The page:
Art of Living

Debabrata Roy’s documentary on his grandfather,Jamini Roy,is an ode to the legendary artist

Written by Premankur Biswas | Published: August 20, 2013 3:49 am

It doesn’t take much to comprehend the width of Jamini Roy’s influence on Bengali aesthetics. A walk down Gariahat,south Kolkata,where hawkers peddle framed prints of his paintings along with portraits of Rabindranath Tagore and Sourav Ganguly,gives you a fair idea about his position in the glittering pantheon of Bengali icons. It’s the depth of his influence on Modern Indian Art that is subject of much academic research. In his documentary,The Art of Jamini Roy,grandson Debabrata Roy does a fair job of juggling the two. He takes us to the verdant Sushnia hills of Roy’s native home Bankura,he guides us through the exquisite terracotta temple complex of Bankura (the carvings of which echo in Roy’s works),he gives us a glimpse of the rambunctious Gajan festival where bare chested,garlanded men sway in unbridled joy,much like the Krishna bhakts in his paintings and the songs of the roaming minstrels,bauls,who roamed the villages of Bankura.

Debabrata also places Roy firmly in the Indian artistic pantheon by telling us about the artist’s amazing,determined rejection of Western academic naturalism,his contribution in reviving Indian folk art and the works of Bengal’s patuas. He also tells us about his grandfather’s curiosity about different art forms. He shows us the meticulously designed Tibetan thangka that his grandfather painted,he also shows us the impeccable copies of Van Gogh and Picasso,that was frowned upon by purists. He also talks proudly about the way Roy so successfully changes his very technique of painting at a very late stage in his career in search of new expressions.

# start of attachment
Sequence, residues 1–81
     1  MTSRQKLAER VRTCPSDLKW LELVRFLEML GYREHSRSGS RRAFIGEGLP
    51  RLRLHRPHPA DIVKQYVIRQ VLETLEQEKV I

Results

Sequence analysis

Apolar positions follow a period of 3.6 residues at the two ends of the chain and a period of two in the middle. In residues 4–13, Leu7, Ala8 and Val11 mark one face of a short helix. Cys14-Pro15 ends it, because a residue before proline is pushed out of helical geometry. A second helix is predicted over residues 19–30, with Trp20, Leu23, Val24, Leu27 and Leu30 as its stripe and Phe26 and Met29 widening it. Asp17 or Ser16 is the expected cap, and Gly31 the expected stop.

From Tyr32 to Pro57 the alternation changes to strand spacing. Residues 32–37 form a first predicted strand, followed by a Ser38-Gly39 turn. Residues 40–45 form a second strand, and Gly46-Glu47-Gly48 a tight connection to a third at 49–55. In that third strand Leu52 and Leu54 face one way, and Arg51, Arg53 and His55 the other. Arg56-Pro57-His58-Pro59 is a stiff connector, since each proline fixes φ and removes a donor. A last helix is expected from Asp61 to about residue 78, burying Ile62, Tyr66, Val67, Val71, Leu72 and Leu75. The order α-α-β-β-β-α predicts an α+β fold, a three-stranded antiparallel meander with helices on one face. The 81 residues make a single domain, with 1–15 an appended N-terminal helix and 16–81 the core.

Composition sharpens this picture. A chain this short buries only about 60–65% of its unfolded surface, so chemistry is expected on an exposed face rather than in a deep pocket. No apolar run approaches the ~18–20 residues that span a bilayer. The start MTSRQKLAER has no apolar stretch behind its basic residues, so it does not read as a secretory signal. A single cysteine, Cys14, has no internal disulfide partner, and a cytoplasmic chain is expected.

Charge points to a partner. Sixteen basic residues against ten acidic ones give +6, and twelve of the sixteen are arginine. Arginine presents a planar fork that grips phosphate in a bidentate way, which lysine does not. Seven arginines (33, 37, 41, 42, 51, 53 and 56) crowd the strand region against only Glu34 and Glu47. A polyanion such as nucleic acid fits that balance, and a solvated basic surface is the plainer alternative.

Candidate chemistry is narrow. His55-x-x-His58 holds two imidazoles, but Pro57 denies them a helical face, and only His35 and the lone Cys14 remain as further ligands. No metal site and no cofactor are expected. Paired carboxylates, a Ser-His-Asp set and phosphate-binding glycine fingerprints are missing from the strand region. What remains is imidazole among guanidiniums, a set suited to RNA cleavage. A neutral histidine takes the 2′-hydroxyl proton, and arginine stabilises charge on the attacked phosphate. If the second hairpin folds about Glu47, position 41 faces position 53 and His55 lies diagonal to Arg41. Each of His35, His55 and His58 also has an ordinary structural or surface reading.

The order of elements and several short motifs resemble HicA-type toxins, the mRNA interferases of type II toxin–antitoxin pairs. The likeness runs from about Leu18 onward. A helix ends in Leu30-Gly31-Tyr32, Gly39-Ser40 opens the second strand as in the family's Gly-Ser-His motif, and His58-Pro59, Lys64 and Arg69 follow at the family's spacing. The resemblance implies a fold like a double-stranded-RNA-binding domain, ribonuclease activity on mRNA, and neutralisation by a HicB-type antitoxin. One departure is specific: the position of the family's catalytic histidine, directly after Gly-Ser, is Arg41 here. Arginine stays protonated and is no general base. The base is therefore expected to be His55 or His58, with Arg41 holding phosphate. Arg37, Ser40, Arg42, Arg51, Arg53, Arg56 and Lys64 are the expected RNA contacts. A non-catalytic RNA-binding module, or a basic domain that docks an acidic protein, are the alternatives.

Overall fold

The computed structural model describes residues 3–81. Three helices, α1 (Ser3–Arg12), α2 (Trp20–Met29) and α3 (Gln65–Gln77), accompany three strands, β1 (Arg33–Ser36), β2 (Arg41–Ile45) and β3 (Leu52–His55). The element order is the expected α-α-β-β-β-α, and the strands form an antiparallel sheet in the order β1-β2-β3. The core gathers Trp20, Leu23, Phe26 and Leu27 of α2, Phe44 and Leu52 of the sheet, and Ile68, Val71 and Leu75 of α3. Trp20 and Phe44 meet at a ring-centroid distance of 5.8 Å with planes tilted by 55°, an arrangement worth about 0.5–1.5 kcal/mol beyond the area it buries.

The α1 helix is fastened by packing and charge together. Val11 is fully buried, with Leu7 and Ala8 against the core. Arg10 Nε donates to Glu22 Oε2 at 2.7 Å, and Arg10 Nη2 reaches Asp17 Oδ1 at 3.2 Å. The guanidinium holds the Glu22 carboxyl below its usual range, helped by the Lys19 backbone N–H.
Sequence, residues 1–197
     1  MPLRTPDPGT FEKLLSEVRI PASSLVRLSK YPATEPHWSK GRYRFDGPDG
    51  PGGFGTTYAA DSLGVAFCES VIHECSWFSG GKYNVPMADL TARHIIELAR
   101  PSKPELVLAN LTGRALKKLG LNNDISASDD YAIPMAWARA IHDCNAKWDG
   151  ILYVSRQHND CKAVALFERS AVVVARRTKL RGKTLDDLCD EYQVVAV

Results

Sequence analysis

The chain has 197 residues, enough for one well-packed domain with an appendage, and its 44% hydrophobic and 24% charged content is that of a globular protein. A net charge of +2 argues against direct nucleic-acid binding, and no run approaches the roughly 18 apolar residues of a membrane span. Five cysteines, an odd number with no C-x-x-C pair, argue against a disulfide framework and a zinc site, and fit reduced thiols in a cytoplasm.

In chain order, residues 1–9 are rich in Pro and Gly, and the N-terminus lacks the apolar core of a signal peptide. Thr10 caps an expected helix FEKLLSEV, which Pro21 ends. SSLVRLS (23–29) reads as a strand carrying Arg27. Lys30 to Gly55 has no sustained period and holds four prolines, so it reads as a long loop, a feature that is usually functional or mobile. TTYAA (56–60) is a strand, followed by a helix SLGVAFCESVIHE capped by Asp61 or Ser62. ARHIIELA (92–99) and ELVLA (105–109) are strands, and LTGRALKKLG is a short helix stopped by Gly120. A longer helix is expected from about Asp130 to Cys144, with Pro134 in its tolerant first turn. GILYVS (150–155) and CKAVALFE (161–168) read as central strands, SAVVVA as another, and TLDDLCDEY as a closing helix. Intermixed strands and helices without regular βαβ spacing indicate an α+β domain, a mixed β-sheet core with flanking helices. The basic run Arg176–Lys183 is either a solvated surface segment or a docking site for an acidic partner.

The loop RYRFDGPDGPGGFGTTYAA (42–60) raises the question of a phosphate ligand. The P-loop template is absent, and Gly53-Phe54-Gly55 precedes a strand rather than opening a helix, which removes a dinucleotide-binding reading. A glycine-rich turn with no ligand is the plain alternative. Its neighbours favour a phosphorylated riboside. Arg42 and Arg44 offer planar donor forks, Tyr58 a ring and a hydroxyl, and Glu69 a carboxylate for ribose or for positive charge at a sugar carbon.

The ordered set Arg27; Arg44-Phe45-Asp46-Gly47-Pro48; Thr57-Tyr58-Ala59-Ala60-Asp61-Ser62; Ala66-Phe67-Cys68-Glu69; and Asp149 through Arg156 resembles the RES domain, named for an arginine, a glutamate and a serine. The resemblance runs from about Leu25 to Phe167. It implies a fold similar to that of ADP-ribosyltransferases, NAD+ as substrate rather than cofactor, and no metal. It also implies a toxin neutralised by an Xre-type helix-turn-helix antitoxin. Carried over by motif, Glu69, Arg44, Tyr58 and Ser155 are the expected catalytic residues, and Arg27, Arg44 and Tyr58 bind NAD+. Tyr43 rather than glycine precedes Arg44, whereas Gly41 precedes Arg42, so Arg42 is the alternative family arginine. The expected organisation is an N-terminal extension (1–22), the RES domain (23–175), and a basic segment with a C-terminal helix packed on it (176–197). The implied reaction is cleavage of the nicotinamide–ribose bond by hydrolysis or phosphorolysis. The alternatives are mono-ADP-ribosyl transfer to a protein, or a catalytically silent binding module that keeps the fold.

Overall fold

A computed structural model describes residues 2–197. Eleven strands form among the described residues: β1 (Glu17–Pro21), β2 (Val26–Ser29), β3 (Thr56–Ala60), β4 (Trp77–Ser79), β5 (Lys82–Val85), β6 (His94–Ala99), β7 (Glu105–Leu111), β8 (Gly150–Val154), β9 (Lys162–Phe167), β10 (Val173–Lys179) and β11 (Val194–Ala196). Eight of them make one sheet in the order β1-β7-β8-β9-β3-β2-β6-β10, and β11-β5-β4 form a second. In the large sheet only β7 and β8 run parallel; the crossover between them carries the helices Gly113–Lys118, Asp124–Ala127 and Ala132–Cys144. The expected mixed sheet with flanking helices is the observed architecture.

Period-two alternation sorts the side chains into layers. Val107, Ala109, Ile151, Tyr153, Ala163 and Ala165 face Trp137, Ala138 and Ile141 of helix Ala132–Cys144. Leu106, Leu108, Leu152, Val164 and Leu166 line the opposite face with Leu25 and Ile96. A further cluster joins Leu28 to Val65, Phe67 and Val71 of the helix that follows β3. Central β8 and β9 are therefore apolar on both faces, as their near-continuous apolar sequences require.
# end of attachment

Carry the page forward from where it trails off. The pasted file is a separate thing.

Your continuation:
Though depiction of Hindu gods and goddesses were his favourite theme,as is evident in his interpretations of Ganesh and Durga,and various scenes from The Ramayana,Roy was equally fascinated by the life of Christ too. In fact,his last unfinished work was an interpretation of Christ’s last supper,a theme he had explored before.

The best thing about Debabrata’s documentary is the number of rare archival footage that shows us the man at work. Under the mellow afternoon Kolkata sun,a gaunt Roy sits in his lawn and bends over a depiction of The Ramayana,stops to ponder and then again goes back to work.

However,if one were to view this film as a grandson’s tribute to his grandfather,one would be best advised not to expect any personal anecdotes. It’s almost as if Debabrata intentionally avoids any sort of sentimental recounting of his interactions with his grandfather. Instead,he chooses to explore the person as an outsider,a subject of awe and inspiration.

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